Pay raises and new hires in town government will now have to run through council.
The council passed the mandate at its meeting last week. Councilman Perry Harris made the motion, citing the unauthorized pay raises two years ago that led to the firing of former town manager Eric Williams.
“The pay raises have been a problem in Smithfield,” Harris said. “I think it’s just a safeguard for the council at this moment to try and stay within our budget limitations.”
Under the rule adopted last week, the town manager will have to present to the council a monthly report on promotions, merit raises, pay raises and new hires.
Never miss a local story.
Harris also made a successful motion to restrict the movement of money from one part of the budget to another. Any time the town manager wants to moves more than $1,000 from one budget item to another, town council will need to approve it.
Finally, Harris asked Town Manager Paul Sabiston to prepare a document comparing the town’s budget at the end of 2012-13 to the budget passed last June. It’s common for budgets to change slightly over the course of the year, and Harris said he wants to make sure the council is staying within the boundaries it set.
The first two measures – on pay raises and shifting money within the budget – are aimed at monitoring town staff, Harris said. “Given our history … I think this council ought to be aware of what’s going on,” he said.
Some council members were confused about what constituted a “new hire.” Harris said positions created and approved by the council in the recent budget do not have to come back to the council. But anything outside of that will need approval, he said.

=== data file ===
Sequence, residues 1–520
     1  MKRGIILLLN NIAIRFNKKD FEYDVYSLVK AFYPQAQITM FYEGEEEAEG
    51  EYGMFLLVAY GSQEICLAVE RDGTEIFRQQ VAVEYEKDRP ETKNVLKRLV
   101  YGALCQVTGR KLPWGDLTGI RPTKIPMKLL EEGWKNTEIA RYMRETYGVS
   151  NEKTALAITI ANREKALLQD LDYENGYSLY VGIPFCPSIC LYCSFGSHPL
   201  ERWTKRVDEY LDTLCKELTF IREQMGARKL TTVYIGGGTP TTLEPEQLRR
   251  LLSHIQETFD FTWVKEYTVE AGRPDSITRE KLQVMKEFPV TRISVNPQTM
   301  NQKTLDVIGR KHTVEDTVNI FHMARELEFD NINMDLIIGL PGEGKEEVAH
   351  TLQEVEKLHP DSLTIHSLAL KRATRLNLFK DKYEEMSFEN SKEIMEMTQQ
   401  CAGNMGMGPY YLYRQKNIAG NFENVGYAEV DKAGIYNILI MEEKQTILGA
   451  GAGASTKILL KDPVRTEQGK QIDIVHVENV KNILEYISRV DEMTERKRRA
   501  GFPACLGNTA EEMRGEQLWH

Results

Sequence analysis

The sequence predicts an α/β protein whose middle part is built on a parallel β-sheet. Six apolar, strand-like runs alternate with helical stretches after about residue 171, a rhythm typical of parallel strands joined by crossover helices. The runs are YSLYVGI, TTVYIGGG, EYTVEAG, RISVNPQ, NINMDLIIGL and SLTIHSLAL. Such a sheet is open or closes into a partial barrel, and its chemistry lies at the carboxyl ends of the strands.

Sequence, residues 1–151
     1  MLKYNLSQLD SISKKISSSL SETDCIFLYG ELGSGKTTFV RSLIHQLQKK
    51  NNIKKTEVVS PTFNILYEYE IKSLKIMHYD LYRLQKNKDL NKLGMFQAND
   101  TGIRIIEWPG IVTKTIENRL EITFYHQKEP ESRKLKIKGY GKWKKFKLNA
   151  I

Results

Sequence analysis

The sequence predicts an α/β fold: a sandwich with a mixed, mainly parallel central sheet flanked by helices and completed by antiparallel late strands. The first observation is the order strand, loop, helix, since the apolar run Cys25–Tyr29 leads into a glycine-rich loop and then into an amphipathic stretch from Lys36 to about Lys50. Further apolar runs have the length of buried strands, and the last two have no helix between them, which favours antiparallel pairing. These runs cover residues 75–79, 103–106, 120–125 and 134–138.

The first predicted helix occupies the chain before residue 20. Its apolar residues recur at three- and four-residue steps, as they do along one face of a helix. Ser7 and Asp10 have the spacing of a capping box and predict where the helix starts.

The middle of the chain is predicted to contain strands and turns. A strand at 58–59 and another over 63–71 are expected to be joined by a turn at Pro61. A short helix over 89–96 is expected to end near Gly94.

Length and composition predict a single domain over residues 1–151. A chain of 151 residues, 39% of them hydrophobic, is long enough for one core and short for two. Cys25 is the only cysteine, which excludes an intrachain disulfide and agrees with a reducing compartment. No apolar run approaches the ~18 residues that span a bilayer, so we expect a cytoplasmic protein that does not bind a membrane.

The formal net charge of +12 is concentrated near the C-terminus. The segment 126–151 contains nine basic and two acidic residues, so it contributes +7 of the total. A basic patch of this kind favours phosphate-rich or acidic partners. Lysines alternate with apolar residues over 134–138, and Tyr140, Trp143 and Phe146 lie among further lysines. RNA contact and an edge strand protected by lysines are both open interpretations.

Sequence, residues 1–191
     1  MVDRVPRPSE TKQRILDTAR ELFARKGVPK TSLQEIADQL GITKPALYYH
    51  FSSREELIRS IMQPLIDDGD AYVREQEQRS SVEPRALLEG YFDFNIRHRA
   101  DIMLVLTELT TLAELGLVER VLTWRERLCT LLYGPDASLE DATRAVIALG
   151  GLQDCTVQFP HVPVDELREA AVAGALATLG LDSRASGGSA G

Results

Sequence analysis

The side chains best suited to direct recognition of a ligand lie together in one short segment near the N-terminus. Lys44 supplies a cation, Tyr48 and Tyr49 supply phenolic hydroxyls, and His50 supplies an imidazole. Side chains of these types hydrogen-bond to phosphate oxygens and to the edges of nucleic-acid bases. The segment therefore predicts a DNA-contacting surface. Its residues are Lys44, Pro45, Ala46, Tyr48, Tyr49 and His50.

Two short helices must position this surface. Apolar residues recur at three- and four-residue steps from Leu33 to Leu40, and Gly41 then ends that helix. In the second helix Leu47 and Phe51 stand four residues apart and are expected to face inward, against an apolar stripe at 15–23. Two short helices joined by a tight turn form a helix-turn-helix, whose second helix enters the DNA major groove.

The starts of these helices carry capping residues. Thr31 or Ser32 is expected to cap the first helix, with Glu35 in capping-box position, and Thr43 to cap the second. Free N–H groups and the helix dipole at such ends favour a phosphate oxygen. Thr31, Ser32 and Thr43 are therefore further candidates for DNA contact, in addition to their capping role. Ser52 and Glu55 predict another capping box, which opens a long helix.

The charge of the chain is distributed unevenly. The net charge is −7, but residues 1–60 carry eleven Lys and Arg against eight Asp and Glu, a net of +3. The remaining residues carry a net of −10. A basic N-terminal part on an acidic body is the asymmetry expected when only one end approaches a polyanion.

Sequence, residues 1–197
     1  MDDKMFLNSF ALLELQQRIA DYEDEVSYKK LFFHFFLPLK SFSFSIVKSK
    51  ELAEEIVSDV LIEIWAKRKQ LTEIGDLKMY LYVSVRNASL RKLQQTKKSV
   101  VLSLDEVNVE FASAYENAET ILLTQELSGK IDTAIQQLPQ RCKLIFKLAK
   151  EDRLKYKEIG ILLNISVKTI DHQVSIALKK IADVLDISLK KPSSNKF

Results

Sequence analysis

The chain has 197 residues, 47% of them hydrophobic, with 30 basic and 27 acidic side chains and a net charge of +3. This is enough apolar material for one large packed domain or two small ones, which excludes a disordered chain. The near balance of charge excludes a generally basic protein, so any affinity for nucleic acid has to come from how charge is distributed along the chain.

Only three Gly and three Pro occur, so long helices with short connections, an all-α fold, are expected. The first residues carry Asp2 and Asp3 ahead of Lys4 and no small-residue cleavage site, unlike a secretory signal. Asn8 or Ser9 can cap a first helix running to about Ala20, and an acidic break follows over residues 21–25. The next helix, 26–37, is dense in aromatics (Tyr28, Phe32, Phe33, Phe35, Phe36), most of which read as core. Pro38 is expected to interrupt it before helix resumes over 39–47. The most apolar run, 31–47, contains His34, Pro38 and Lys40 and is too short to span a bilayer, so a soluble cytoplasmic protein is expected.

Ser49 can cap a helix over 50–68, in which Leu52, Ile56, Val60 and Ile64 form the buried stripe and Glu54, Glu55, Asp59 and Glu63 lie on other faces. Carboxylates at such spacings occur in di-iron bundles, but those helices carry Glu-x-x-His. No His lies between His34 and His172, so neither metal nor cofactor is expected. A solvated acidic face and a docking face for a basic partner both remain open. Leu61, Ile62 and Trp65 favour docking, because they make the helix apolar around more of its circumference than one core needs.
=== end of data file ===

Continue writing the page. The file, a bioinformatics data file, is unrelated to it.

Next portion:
If, for example, the police department loses three officers, the police chief must go before the council to ask if he can refill the three vacancies. The council might allow him to hire three new officers, might ask him to fill only one or two vacancies or might not allow him to proceed at all.
Sabiston called it “an odd practice,” but said he’d do anything the council asked him to do. Councilman Zach Crocker wondered if the practice would slow the hiring process, since the council meets just once a month.
“If we find a new finance director tomorrow, we wouldn’t be able to hire him until next month?” Crocker asked.
Harris said the measure was needed to keep the council aware of what the town was up to. He said that awareness could prevent another pay-raise scandal. “You’ve got to start somewhere,” he said.
Avoiding a repeat
The State Bureau of Investigation and the Johnston County district attorney’s office are investigating the series of unauthorized pay raises in 2011. The council had decided at the start of that budget year to freeze employee pay, but Williams, the former manager, approved raises for 31 employees anyway, according to town records.
Williams, former town clerk Debbie Godwin and former payroll manager Lynn Powell lost their jobs.
Harris and Councilman Emery Ashley say the scandal has hung over the council and town government for two years. Ashley said the whole mess could’ve been avoided with safeguards like the ones the council passed last Tuesday.
That makes the 30-day wait on new hires and pay raises worth the trouble, he said. “Had certain pay raises been brought to the council in 30 days, we could have resolved in one month what has been going on for several years,” Ashley said.